Home AM Insights WH Invest: Alternatives in the Eye of the Storm

WH Invest: Alternatives in the Eye of the Storm

Stockholm (Ekonamik) – In view of this week’s alternative investments theme, Ekonamik caught up with Allan Winkel Hansen, founder and CEO at WH Asset Management, a Danish FAIF founded in 2014 with the purpose of managing Alternative Investment Funds, of which it has two: WH Index A/S and WH Index Growth A/S. Mr Winkel Hansen is also founder and CEO at WH Invest, a registered investment advisory service founded over 20 years ago in 1998, and previously honed his skills at Jyske Bank, where he managed investments for wealthy Private Banking clients. As Mr Winkel Hansen says, try not to be too “in love” with positions…

How have you been since we last spoke? Could you give an overview of your performance the past year and how the firm has been adapting strategy-wise to achieve exposure?

It has been approximately two years since we spoke. Last year, the performance was negative by -4.85%, but year-to-date the fund is up by 9.80%.  Last year the financial markets ended quite negative and in the beginning of December, we decided to reduce the exposure to equity markets in order to reduce the potential losses. When the market started better than expected in 2019, we initially increased the market exposure and then, starting in May, we again gradually reduced our investments.

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One of the main purposes of your multi-asset fund WH Index is to reduce the volatility of fund performance to deliver attractive risk-return. At a point in the market cycle where volatility is a staple and further interest rate cuts are expected, you have an advantage in that you are already diversified as a multi-asset fund. Can you explain how your alternative investment strategy offers a continued secure path to portfolio diversification?

Historically, the fund has benefited from the falling interest rate levels, as this has had a positive impact on the main asset classes in the fund. At this stage of the market cycle it has become more complicated to secure that our various asset classes do give us the necessary diversification. We have therefore become a bit more focused on tactical asset allocation, which our answer to your first question also indicates. Furthermore, we are considering including new asset classes (for instance, gold), in order to secure an attractive risk-return profile going forward.

With the unusual degree of shifts in equity-bond correlations and the increasing likelihood of a market correction, do you see difficulties in neutralising risk exposure through diversification, and if so, which difficulties?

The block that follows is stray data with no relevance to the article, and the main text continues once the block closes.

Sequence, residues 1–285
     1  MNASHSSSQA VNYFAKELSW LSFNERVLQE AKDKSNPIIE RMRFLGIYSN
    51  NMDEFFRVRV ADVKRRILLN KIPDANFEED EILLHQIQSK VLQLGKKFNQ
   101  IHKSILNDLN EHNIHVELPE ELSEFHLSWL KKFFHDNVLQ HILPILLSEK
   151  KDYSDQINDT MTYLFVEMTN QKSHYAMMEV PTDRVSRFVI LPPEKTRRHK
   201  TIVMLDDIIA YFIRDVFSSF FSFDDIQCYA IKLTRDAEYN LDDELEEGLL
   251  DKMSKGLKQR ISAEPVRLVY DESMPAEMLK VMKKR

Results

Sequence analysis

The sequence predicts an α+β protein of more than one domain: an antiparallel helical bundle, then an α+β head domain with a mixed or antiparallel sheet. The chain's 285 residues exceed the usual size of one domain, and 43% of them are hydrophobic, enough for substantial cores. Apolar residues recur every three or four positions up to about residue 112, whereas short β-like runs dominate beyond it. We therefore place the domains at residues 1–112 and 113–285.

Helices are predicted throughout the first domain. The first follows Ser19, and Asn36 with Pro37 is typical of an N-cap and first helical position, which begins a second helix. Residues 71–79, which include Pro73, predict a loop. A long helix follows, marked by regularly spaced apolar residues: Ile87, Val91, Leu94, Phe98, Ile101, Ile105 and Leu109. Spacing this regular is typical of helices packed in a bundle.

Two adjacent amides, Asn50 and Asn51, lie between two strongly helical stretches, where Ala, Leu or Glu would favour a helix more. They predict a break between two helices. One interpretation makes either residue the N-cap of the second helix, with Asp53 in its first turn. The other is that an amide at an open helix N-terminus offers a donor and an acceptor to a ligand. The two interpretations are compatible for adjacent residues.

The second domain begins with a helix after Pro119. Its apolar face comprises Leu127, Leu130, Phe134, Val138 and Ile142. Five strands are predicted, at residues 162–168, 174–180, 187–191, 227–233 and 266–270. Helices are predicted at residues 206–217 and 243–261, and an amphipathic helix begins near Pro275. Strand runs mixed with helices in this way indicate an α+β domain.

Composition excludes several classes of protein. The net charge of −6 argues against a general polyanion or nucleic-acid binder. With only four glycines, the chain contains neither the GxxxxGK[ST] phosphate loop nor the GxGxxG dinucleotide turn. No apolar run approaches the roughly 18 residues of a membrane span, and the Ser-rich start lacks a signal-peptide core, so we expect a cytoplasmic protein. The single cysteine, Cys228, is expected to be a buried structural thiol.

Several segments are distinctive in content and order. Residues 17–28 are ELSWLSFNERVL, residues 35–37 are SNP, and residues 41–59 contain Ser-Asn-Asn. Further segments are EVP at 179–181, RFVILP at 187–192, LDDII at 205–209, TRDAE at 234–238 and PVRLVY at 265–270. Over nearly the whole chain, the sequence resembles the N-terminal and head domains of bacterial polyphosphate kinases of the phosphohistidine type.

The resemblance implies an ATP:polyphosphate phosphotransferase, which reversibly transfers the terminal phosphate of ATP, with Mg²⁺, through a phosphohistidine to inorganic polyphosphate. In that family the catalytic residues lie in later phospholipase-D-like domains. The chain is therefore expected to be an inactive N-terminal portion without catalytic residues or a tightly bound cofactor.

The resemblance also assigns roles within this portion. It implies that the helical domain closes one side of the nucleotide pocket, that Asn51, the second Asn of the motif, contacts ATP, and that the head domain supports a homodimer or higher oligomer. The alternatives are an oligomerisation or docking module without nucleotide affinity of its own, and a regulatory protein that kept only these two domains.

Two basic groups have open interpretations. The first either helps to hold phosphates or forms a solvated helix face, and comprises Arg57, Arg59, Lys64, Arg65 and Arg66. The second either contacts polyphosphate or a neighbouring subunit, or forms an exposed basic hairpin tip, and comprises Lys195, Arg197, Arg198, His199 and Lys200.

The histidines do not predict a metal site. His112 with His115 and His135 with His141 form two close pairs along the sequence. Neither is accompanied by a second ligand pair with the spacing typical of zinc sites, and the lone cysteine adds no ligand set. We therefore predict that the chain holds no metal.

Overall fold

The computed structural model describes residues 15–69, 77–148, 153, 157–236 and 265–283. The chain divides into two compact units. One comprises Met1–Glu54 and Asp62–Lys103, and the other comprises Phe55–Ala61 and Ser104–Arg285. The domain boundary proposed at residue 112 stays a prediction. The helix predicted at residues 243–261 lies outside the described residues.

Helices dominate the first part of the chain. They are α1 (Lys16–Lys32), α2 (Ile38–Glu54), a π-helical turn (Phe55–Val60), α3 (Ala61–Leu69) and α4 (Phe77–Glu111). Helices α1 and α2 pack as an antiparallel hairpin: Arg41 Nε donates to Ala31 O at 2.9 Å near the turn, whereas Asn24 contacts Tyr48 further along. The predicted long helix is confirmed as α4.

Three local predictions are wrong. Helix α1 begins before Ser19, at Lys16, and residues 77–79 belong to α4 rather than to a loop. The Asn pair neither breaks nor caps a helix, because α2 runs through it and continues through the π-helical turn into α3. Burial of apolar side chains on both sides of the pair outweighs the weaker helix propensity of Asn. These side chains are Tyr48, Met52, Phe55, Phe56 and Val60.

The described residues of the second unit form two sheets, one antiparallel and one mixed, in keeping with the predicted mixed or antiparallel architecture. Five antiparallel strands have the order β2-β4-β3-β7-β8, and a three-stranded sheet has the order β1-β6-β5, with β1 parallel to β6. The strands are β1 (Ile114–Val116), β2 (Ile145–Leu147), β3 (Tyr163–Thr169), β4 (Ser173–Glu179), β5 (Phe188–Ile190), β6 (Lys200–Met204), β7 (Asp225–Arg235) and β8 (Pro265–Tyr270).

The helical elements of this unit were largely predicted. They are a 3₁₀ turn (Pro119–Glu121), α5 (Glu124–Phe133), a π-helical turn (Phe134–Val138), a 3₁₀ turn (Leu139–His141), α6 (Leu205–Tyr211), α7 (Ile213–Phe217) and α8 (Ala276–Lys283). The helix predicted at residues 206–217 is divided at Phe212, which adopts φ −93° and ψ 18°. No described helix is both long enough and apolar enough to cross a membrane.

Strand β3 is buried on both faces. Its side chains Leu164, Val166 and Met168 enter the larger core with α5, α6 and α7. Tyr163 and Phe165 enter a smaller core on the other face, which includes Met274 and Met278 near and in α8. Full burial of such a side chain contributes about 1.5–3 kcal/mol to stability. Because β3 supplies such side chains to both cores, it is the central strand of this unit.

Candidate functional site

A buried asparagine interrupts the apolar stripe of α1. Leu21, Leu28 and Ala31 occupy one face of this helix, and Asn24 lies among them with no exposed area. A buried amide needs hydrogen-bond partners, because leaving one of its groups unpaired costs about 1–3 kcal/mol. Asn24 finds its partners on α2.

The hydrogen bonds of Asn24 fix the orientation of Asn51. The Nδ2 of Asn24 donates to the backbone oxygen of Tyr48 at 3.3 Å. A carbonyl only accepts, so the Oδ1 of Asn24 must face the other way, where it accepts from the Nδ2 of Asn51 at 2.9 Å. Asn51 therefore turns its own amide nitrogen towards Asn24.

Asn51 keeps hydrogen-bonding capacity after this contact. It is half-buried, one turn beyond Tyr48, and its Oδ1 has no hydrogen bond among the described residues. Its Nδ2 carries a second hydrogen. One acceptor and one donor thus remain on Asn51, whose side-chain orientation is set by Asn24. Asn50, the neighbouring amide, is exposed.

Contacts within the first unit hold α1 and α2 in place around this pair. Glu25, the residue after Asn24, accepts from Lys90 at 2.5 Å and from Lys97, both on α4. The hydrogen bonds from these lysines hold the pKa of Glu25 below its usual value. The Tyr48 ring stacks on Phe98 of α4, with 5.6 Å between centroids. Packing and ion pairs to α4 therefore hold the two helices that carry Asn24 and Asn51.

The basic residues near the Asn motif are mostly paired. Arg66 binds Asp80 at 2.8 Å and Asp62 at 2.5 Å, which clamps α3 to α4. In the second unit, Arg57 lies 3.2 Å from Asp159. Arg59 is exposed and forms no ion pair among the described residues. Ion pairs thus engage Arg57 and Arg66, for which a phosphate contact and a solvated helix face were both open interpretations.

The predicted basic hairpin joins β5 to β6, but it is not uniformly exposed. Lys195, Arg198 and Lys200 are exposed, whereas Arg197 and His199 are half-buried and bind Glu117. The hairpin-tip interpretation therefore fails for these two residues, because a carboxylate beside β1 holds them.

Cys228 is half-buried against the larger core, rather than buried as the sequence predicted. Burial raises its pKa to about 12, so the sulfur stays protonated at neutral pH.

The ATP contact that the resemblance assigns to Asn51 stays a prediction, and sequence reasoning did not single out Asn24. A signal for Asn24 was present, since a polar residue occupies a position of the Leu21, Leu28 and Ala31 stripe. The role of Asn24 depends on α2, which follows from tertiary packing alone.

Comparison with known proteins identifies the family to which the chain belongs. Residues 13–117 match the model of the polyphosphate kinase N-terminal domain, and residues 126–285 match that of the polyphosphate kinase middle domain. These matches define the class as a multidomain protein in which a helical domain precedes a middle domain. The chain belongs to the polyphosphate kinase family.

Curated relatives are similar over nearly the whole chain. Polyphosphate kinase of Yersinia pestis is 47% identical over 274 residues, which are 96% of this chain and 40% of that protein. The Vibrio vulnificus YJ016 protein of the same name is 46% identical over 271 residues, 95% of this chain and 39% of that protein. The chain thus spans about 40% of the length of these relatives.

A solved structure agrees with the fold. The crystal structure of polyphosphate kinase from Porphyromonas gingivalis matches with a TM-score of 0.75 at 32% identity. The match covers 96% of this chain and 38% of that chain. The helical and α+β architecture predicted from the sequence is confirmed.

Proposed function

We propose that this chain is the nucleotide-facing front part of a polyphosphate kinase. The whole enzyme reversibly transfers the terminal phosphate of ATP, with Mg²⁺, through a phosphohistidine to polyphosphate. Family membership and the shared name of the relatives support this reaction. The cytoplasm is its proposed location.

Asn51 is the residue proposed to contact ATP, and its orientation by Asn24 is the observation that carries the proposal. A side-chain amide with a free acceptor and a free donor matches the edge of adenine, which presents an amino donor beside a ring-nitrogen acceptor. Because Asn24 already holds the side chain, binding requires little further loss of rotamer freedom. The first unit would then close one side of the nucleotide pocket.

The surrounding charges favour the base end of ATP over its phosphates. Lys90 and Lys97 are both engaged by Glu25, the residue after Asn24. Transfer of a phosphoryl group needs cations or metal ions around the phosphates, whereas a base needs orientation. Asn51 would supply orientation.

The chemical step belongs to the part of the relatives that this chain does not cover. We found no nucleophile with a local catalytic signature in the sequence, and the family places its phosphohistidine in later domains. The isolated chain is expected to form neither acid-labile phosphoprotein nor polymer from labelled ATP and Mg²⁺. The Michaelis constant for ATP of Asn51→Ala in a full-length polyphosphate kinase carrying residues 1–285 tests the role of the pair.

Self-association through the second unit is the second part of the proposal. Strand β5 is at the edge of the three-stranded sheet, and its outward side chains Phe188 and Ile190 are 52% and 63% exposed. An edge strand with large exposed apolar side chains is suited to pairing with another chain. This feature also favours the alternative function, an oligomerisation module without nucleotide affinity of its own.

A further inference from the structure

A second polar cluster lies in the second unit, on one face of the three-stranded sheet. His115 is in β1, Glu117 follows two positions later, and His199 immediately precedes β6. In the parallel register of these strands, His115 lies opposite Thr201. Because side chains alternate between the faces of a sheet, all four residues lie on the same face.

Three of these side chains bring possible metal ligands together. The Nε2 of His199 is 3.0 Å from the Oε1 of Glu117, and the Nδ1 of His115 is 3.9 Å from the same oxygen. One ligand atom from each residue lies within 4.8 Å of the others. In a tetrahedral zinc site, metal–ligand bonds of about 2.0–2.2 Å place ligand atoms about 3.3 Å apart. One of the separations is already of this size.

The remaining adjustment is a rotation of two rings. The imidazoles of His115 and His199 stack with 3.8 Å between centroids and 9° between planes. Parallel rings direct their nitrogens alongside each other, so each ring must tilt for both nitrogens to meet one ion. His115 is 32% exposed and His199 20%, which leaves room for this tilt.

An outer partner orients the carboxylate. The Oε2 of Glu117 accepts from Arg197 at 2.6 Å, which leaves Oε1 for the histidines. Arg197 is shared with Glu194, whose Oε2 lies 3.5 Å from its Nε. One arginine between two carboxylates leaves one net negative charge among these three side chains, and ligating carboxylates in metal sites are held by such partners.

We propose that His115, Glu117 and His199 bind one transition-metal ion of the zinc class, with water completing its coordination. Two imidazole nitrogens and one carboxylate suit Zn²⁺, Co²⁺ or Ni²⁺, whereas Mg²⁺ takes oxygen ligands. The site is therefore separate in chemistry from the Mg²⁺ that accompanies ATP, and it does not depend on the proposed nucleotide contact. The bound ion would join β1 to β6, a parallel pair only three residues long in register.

Yes, as mentioned above, I do see difficulties in neutralising risk exposure through diversification, which is why we are considering new ways or instruments, which can help us achieving this. However, we will continue only to have very liquid investments in our portfolio.

Which asset classes do you see as still on the safe side and what assets are you currently interested in?

It is hard to see any asset classes that are on the “safe side”. Obviously, now there seems to be a huge demand for government bonds, but would you continue to buy when 10-year German bonds are trading with a negative yield of -0.6% p.a.? Therefore, we choose to be lower invested than usual. We still hold a combination of equities and fixed income products and with our equity exposure, we have gradually converted our exposure into indices which follows a value-oriented strategy.

Alternative investments are experiencing a dramatic technological shift, with computers increasingly determining trading decisions. How are you adapting in terms of the overwhelming prevalence of AI and algorithmic trading?

We follow the development and do speak with managers who use AI and algorithmic trading, but we have not adapted any of these tools at this stage.

The appeal of cryptocurrencies is that movements are uncorrelated with the rest of the market, and based on deriving value from growth, adoption and regulation, as opposed to GDP, profitability and interest rates for stocks and bonds. Is this an asset class that interests you or do you see it more as a bubble, like many alternative investment managers?

I have to say we do follow and study the cryptocurrency market and notice that it is often uncorrelated, however, at this stage we are not comfortable with having an exposure to this asset class.

Glenn W. Leaper, PhD
Glenn W. Leaper, Politics Editor, is a political theorist, analyst, editor and writer. He completed his Ph.D. in Political Philosophy and Critical Theory from Royal Holloway, University of London in 2015. His research focuses on ideology, unaccountable structures of power and surveillance capitalism. He is also a communications consultant, speechwriter, interpreter and journalist. Glenn has an international background spanning the UK, France, Austria, Spain, Belgium and his native Denmark. He holds an MA in Literature and a BA in International Relations.

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